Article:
Firefighters Can Unknowingly Be Exposed to Asbestos From Structure Fires
Proper Respiratory Equipment Can Limit Risk of Asbestos Diseases
Firefighting continues to be one of the most dangerous jobs in the nation. Each year, about 105 firefighters die on the job, and many more are seriously injured (Health Hazard Evaluations, Fire Fighters, 1990 to 2001; National Institute for Occupational Health and Safety). Besides being exposed to immediate hazards such as smoke inhalation, carbon monoxide poisoning, and building collapses, firefighters come into contact with toxic materials that cause chronic diseases. Asbestos may be the most deadly of these substances. It becomes airborne when it is released from damaged insulation or other building components.
Asbestos exposure is linked to asbestosis, lung cancer, and an aggressive cancer called mesothelioma. A painful scarring of the lungs, asbestosis can take from 10 to 50 years to develop. Early symptoms include shortness of breath and chest pain. Eventually, the disease leads to disability and impaired respiratory function. Mesothelioma is a cancer of the membranes lining the chest, lungs, and stomach cavity. Firefighters are more likely to develop the pleural form of the disease, which severely impacts breathing and will eventually prove fatal. Mesothelioma usually does not develop until from 20 to 40 years or more from the victim’s first exposure to asbestos.
A firefighter risks developing asbestosis and mesothelioma if he or she breathes in asbestos dust. The risk of contracting lung cancer also increases. Insulation often contains asbestos, especially in older buildings and homes. When a fire breaks out or a structure collapses, the asbestos–containing insulation may become damaged, releasing asbestos dust. If the insulation was frayed or in need of repair before the fire, it is even more likely that asbestos will become airborne.
The collapse of the World Trade Center provides a dramatic example of the problem with asbestos–containing insulation. Days after the event, dust samples taken in the vicinity contained high levels of asbestos, according to some government and private tests (Environ Health Perspect. 2004 May; 112(6): 731–9). No doubt, the initial plumes of dust and debris contained even more asbestos. Firefighters described walking through dense clouds of dust and fumes, and asbestos was found in fire trucks months after the terrorist attack.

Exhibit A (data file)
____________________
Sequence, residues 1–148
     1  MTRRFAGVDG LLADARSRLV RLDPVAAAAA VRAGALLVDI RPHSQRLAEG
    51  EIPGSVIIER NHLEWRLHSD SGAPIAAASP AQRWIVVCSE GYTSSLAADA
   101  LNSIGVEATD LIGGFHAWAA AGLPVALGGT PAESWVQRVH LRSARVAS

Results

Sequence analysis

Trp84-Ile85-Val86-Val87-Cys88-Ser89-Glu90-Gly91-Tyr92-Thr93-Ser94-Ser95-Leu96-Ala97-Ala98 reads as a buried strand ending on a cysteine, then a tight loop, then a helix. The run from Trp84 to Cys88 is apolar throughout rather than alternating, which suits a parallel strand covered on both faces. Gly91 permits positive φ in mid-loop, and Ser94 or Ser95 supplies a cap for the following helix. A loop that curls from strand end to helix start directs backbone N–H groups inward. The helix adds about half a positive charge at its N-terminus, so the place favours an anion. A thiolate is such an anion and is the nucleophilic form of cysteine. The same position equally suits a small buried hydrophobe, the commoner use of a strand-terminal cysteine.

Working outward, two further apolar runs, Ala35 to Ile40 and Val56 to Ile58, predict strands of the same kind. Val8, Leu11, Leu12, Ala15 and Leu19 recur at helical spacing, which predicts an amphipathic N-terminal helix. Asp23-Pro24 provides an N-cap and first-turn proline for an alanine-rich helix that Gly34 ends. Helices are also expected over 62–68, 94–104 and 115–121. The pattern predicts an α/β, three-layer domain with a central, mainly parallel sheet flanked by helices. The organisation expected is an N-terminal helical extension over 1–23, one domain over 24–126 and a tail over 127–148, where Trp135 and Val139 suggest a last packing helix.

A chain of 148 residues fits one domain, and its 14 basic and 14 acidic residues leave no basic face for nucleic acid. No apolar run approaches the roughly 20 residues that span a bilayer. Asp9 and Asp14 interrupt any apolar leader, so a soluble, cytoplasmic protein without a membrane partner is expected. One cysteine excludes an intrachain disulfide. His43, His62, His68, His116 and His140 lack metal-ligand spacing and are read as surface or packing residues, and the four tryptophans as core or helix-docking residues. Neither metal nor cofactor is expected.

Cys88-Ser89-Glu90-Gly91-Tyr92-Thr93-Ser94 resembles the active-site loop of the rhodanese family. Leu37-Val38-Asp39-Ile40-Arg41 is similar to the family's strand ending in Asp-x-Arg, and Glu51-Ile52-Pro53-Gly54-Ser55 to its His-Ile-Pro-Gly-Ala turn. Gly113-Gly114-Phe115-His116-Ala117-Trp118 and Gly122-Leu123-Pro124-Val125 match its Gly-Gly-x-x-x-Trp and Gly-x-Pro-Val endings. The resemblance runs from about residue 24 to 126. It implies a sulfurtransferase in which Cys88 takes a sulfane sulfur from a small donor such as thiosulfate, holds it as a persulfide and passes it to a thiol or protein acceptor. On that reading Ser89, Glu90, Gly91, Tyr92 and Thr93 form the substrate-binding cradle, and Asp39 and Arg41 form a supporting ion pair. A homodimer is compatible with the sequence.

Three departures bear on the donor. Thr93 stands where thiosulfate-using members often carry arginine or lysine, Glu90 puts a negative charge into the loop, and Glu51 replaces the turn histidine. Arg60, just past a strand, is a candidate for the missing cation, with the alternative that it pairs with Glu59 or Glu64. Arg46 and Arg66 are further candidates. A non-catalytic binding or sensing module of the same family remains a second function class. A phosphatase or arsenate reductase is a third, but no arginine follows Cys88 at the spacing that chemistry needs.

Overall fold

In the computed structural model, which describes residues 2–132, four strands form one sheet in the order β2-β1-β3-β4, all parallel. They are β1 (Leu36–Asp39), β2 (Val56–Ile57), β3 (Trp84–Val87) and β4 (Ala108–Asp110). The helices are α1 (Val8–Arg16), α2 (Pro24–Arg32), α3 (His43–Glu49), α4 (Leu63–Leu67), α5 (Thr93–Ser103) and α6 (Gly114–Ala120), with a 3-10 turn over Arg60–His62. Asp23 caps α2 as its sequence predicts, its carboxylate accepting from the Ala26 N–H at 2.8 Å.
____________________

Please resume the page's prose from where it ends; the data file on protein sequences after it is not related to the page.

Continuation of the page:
Firefighters may also be exposed to asbestos in routine house fires. Insulation around pipes and boilers may contain asbestos. Up to 35 million homes in the United States may contain Zonolite, attic insulation derived from asbestos–contaminated vermiculite, a mineral similar to mica. Residential fires can release asbestos from the Zonolite insulation, endangering firefighters and homeowners alike. The firefighter’s asbestos exposure, however, may be repeated, persistent, and close up. (See Fire Engineering, Asbestos Still a Major Threat, and EPA Issues Vermiculite Warning).
Prior to the 1980s, asbestos was used not only in insulation but also in floor tiles, ceiling tiles, roof shingles, flashing, siding, pipe cement, plasters, and joint compound. Collapses and structure fires can easily unloose asbestos from these items. Once the asbestos becomes airborne, a firefighter may breathe in asbestos fibers if he or she is not wearing adequate respiratory equipment.
Protecting the Firefighter
A “self–contained breathing apparatus” or positive pressure SCBA is one in which the firefighter carries the breathing air source. It is designed to provide protection against gases, dust, and toxic substances. A SCBA with a high efficiency particulate air filter (HEPA) cartridge works best. The federal Occupational Safety and Health Administration (OSHA) lists the SCBA requirements for firefighting situations (29 CFR 1910.134(g)(4)). These rules apply in states that operate OSHA–approved safety and health plans.
If you are a firefighter, you know that your SCBA sometimes feels hot, heavy, and awkward. You may be tempted to take it off during the overhaul period, once the fire is under control. Researchers have found, however, that the level of toxic chemicals such as PVC and asbestos remains great even after the fire is extinguished (Fire Engineering, Smoldering and Flying Hazards, Part 1; Lung Disease in Firefighters, International Association of Firefighters, AFL–CIO). Simply wearing a dust mask or working rapidly will not protect you from harm.
In addition to wearing a SCBA, you should consider these safety suggestions (Ontario Fire Service, Firefighters Guidance #3–2; Fire Engineering):
- Keep respirator cleaning supplies, replacement cartridges, or replacement respirators handy.
- Wear protective clothing. Later, shower and change into clean clothes before leaving the workplace in order to avoid carrying home asbestos and other toxic substances.
- Do not sweep or handle dry dust. Realize that only trained, certified personnel should work to decontaminate areas that are suspected of containing asbestos.
Another tip for firefighters concerns smoking. If you smoke, now is the time to quit. Tobacco use weakens your lungs and enhances the effects of asbestos. Smoking alone can cause lung cancer. Asbestos exposure alone can cause lung cancer. However, combining smoking and asbestos exposure creates a lung cancer risk that is much higher than just adding the two risks together. For information about how to stop smoking, see Health Benefits of Quitting Smoking and the Tobacco Information and Prevention Source.